a policeman to take you off my premises, and you may carry your stories into every pothouse in the town, but you shall have no sixpence from me to pay your expenses there."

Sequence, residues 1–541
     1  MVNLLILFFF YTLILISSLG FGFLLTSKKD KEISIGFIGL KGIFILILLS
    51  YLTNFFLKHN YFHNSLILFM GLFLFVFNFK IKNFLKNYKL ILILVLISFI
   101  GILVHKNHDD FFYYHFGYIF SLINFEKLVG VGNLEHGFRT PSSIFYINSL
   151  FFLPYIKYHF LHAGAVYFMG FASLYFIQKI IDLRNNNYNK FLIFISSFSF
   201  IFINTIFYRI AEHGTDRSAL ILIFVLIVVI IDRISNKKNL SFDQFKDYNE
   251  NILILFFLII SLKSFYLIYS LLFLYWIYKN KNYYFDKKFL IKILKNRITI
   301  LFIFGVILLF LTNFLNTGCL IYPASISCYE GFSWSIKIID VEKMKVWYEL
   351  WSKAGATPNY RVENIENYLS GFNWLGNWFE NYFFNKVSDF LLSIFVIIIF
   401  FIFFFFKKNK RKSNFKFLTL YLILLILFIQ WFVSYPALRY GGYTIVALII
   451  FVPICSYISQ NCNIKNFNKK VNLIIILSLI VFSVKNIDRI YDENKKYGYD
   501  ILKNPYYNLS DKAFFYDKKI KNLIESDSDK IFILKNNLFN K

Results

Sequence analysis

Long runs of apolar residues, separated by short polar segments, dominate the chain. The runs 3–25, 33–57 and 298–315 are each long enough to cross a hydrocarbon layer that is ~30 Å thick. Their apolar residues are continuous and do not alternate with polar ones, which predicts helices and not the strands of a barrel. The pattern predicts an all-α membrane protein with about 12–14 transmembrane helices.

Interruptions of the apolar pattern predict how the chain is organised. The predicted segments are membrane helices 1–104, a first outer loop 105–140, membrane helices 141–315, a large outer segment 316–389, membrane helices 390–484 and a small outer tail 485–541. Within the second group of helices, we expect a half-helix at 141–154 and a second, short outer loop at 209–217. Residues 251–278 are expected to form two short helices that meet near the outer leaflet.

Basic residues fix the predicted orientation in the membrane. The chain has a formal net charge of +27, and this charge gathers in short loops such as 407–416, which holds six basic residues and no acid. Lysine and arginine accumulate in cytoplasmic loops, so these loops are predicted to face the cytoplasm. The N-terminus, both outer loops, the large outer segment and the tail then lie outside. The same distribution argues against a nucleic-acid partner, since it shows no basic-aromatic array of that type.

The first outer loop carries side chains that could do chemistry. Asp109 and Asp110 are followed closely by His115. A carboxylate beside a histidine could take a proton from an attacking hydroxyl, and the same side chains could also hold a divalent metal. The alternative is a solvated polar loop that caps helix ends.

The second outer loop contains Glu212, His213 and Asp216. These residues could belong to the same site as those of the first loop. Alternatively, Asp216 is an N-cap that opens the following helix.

Bulstrode had rarely in his life spoken with such nervous energy: he had been deliberating on this speech and its probable effects through a large part of the night; and though he did not trust to its ultimately saving him from any return of Raffles, he had concluded that it was the best throw he could make. It succeeded in enforcing submission from the jaded man this morning: his empoisoned system at this moment quailed before Bulstrode's cold, resolute bearing, and he was taken off quietly in the carriage before the family breakfast-time. The servants imagined him to be a poor relation, and were not surprised that a strict man like their master, who held his head high in the world, should be ashamed of such a cousin and want to get rid of him. The banker's drive of ten miles with his hated companion was a dreary beginning of the Christmas day; but at the end of the drive, Raffles had recovered his spirits, and parted in a contentment for which there was the good reason that the banker had given him a hundred pounds. Various motives urged Bulstrode to this open-handedness, but he